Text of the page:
Not long ago, Russia was poised to overtake Germany as Europe’s biggest auto market. Those days are increasingly in the rear view mirror. Car sales in Russia fell 10% last year in unit terms as the country teetered on the brink of recession, and the downturn may accelerate to 35% this year overall, according to consultancy PricewaterhouseCoopers. In April alone, car sales were down 41.5% year-onyear, according to the Association of European Businesses (AEB). While the crash has forced some players to abandon the market, others are digging in and betting on a recovery. Two of the biggest U.S. players, Ford and General Motors, are on different tracks in Russia, with GM cutting its losses and pulling up stakes while Ford hunkers down to chase market share. “We still hold the view that when the market stabilizes and ultimately recovers… this could be one of the biggest, if not the biggest market in Europe,” Ford CEO Mark Fields told investors during a phone conference on quarterly earnings in late April. “Unlike GM, Ford has more investment [in Russia], including in launching new models and in the localization of production here,” said Vladimir Bespalov, an industry analyst at investment group VTB Capital. Ford“is ready to take a part of the losses that are unavoidable.” It’s an open question how long Ford’s gamble will take to pay off.

Ford is stepping on the gas in Russia despite an economic slowdown

While Russia’s domestic car market is showing some early signs of a recovery, analysts say that Russia’s longterm economic maladies — including an over-dependence on oil exports and doubledigit inflation — may be tough to beat.

Market Crash

Almost all car makers have had to drastically raise prices in Russia to compensate for the devaluation of Russia’s currency, the ruble. Even Ford still only obtains about 40% of its parts domestically; buying-in foreign parts costs dearly. The ruble has fallen around 30% to the U.S. dollar since the start of last year as low oil prices and Western sanctions over the Ukraine crisis choke off investment. The crunch has already seen a number of companies announce production cutbacks or market exits. U.S. auto giant General Motors announced in March it would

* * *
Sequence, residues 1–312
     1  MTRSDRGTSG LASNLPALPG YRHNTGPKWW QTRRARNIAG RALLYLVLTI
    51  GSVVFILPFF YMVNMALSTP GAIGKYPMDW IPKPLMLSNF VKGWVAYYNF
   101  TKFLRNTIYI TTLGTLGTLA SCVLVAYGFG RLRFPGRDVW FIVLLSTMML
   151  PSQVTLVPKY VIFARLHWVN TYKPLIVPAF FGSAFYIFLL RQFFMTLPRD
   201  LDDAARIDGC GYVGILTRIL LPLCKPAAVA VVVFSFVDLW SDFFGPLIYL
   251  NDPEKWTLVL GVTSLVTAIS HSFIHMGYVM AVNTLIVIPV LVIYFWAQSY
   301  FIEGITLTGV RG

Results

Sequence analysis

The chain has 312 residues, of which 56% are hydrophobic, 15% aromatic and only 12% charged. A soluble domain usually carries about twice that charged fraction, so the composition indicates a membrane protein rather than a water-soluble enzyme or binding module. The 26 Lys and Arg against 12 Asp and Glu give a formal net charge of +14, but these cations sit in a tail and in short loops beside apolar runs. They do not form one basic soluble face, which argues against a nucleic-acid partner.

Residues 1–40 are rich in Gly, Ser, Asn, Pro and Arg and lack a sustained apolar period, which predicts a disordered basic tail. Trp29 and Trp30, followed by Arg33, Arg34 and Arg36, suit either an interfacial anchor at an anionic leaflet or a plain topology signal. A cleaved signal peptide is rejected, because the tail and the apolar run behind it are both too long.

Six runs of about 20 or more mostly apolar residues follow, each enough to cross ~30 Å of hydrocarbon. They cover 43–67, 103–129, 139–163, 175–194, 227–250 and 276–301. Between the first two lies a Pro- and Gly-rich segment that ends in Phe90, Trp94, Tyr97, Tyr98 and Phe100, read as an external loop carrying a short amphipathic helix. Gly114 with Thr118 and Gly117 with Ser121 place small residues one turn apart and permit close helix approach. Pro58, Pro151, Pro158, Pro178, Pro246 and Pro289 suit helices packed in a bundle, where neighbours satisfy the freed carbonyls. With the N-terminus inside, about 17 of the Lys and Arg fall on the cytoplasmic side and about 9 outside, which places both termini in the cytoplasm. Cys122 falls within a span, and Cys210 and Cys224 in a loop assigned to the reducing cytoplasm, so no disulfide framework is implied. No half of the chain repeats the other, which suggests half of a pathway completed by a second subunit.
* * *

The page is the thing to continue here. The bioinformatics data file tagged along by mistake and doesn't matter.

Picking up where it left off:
wind down its Opel and Chevrolet lines after suffering a morethan-70% dip in sales in the first two months of the year. GM will still keep a hand in the market though — the company in May launched an Opel production line in neighboring Belarus in the hope of keeping consumer appetite alive through export sales, according to Russian newspaper RBK.

Ford Bets On Russia

In April, Ford took a majority share of its joint venture with local partner Sollers in a move Mr. Fields said would help streamline operations, and in early June appointed ex-Russia hand Mark Ovenden to head up the Ford-Sollers partnership. In May, Ford also moved to permanently cut prices on cars by 4-5% in a long-term bet on ruble stability that other companies have so far balked at, according to Russian daily Vedomosti. Lower prices will be more sustainable, however, under the com-


pany’s ambitious drive to raise localization to 85% by 2019. “Ford is currently negotiating with all its suppliers, with first tier and second tier suppliers in order … to lower as much as possible the cost of components,” said Andrei Toptun, chief analyst at car market research agency Autostat. In early June, Ford spent $150 million on launching production of its budget Fiesta brand at one of its three plants in Russia, and is set to spend $274 million by 2016 on building a factory to produce the Fiesta’s engines domestically. Ford’s strategy may already be showing some early signs of paying off. Car loans, which accounted for 40.5% of car sales last year, rose to 35% of all sales in April from just 20.1% in the first quarter of the year. Economic data in the first quarter did not prove as painful as previously forecast. “In 2016 I think that there will be some stabilization, maybe even a little growth,”said VTB’s Mr. Bespalov, “as long as the economic situation stabilizes and long as no new political risks pop up.” Still, even if Russia’s economy is on the road to recovery, it’s unlikely to return to boom times unless the government addresses key issues to growth. Critics, including former Finance Minister Alexei Kudrin, say drastic reforms are needed, given that Russia’s economy was growing anemically even before oil prices fell. The appetite for that reform — which would include unpopular pension changes — is questionable, however, at a moment of intense political confrontation with the West over the Ukraine crisis. Ford’s bet on the market may bear fruit, but so far it remains a roll of the dice.